These are what we call the 'YMMV items.' Things that some people find in this work. We call them 'your mileage might vary' because not everyone sees these things in the same way. This starts discussions in the trope lists, a thing we don't want. Please use the discussion page if you'd like to discuss any of these items.
Fair for Its Day: The novel may sound condescending and unkind to the working-classes by today's standards. This would have been acceptable in the Victorian era. However, even liberal journals considered the High Toryism in the novel too unrealistic.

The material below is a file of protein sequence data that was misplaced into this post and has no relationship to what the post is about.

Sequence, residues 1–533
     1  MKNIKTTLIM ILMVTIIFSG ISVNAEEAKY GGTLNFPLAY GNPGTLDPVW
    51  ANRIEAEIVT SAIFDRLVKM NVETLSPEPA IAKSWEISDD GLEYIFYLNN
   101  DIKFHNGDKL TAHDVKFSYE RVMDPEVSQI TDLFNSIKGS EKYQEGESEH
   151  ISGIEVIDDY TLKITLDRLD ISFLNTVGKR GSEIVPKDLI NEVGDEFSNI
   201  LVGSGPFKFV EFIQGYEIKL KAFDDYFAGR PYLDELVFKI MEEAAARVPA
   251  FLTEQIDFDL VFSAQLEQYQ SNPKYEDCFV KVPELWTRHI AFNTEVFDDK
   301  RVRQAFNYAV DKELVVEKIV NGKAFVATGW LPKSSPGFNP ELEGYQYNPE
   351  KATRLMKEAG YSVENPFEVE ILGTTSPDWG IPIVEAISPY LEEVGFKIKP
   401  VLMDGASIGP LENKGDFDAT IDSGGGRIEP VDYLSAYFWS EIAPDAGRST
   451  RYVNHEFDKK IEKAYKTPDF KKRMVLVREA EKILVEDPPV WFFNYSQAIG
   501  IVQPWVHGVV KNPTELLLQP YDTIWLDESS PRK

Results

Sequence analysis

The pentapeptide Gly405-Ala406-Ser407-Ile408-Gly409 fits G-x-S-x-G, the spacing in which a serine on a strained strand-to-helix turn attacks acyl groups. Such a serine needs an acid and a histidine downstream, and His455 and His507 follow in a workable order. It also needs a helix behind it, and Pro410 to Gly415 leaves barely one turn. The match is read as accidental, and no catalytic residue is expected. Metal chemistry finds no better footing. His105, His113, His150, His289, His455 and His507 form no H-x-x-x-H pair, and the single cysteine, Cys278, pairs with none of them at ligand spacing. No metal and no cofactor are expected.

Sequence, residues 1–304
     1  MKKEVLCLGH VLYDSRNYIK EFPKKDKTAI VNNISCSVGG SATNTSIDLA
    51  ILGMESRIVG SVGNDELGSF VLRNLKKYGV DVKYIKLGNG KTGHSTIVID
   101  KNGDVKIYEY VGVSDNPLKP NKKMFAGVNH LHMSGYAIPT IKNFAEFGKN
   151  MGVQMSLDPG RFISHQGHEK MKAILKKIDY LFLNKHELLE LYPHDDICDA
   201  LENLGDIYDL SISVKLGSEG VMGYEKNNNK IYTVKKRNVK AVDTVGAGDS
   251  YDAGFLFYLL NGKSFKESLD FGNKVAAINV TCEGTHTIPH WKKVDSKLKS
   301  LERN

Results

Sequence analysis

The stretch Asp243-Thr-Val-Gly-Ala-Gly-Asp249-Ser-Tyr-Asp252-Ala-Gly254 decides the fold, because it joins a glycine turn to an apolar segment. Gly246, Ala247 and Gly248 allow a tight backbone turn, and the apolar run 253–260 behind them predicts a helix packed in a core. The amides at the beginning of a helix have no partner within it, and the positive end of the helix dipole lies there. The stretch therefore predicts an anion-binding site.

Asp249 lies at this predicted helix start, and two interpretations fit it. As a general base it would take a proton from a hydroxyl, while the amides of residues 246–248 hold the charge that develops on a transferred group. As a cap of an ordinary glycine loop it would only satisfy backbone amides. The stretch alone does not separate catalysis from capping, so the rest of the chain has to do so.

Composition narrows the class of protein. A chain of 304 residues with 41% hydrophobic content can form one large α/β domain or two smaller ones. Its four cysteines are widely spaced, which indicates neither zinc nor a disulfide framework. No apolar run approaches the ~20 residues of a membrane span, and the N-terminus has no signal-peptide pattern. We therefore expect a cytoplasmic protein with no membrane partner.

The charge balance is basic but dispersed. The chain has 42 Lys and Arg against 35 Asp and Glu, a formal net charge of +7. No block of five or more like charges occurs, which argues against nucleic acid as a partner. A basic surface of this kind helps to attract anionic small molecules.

Shirley was the sort of book that was reviewed and analysed by intellectual people, who are more likely to sympathise with more liberal causes and therefore criticise the book. Its political sympathisers would be less likely to sound out their approval in print.
Caroline thinks single women should be allowed to work. This was liberal for its time. However, Charlotte Brontė's friend, Mary Taylor, told her off for being too cowardly not to say that all women, single or married, should work.
Marty Stu: Louis Moore. It's said he's kind, intellectual and well-liked and well-spoken, but this is not shown in the novel.